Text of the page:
> Buffer.from([248]).toString('base64url')
> Buffer.from([248]).toString('base64')

For now, we will treat the signature as an opaque value which we will rely upon a verification function to understand. We can at least see that it is 64 bytes in size.

Generating our own Ed25519 key

To create a signature, we require a private key. I obviously do not have the private key of QR Date, the example we are examining. So we will create our own below. In the next post, we will use this key to create QR Codes with signed content.

OpenSSL is available pretty much everywhere, but what you have may be out of date. I will be using version 3.0.1 for this article's examples.

This is a rant, feel free to skip
Ed25519 is more recent than the openssl (which is LibreSSL) provided on modern Mac OS. So I had to bring in openssl from homebrew and then alias it for the duration of this writing. You may have a newer version in the future. If you find that it does not know what ED25519 is, you will need a newer version!
Why does Mac OS ship with such old versions of everything!? Ed25519 was added in Mar 7, 2019!
# My machine has an outdated openssl cli installed
# This command is for me, it may be completely different for you.
$ alias openssl=/opt/homebrew/Cellar/openssl@3/3.0.1/bin/openssl

# Now to actually create the key.
$ openssl genpkey -algorithm ED25519 -out test.pem
# No output will be made to the console, this is normal.
# It went to the file called 'test.pem'
If you try X25519 instead of ED25519 you'll get an unsupported error later on. As mentioned before, the two are different, but are mathematically related.

Now that the key file is ready, let's peek inside. The pkey module provides a few commands for working with private and public keys. To display and inspect the key file, the -text flag is provided in the command.

$ openssl pkey -in test.pem -text
ED25519 Private-Key:

You'll see first that the contents of the key file are printed, followed by an analysis. It describes the private key is 32 bytes and similarly the public key is 32 bytes.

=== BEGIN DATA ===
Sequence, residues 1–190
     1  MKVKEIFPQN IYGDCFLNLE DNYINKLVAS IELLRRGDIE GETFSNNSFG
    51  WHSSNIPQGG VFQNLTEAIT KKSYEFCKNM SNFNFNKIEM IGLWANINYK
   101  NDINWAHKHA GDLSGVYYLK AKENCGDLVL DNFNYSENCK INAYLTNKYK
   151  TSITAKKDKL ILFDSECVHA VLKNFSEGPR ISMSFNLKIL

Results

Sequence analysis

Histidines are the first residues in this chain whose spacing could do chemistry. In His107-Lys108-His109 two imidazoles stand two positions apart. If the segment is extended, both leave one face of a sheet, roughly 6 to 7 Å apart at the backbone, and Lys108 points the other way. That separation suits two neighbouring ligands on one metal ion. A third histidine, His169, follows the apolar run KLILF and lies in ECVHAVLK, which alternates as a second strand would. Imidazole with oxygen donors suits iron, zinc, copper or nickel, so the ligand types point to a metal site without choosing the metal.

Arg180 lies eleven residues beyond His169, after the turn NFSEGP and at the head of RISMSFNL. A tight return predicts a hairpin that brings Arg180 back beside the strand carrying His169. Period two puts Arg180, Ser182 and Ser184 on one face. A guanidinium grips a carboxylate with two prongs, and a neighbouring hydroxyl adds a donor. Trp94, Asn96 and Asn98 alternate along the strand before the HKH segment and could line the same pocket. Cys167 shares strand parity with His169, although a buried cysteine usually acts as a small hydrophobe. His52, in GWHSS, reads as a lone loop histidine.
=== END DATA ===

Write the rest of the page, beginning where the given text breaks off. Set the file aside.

Note that when reading the private key, OpenSSL prints out the public key. Below, I'll show that the public key is not inside this file, but is calculated on demand. This will be important later.

Just in case you want to check the contents yourself, it would look like this.

$ cat test.pem
This section is highly technical, feel free to skip over

What's inside an Ed25519 private key file

That sure is a short and small private key right? Let's look inside!
{:type :sequence
:value (
    {:type :integer
    :value "0"}
    {:type :sequence
    :value (
        {:type :object-identifier
        :value ""
    {:type :octet-string
    :value (
        {:type :octet-string
        :encoding :hex
        :value "da26470cf30536a11793d228fecaa7c354af9b3cbaf5bf9b61881ea11dfc6476"
First time seeing code like the above? It's lisp like dictionary / map constructed with a list of key value, key value. Read the words rather than focus on the syntax.
If you'd like to see more examples, check out What's in a private key? where I dissect a NIST P-256 key.
The structure you see above is a "OneAsymmetricKey" defined in RFC5958. Within it identifies its algorithm with an object identifier (OID): The OID is officially registered to RFC8410 and for OneAsymmetricKey, the details are clarified in section 7.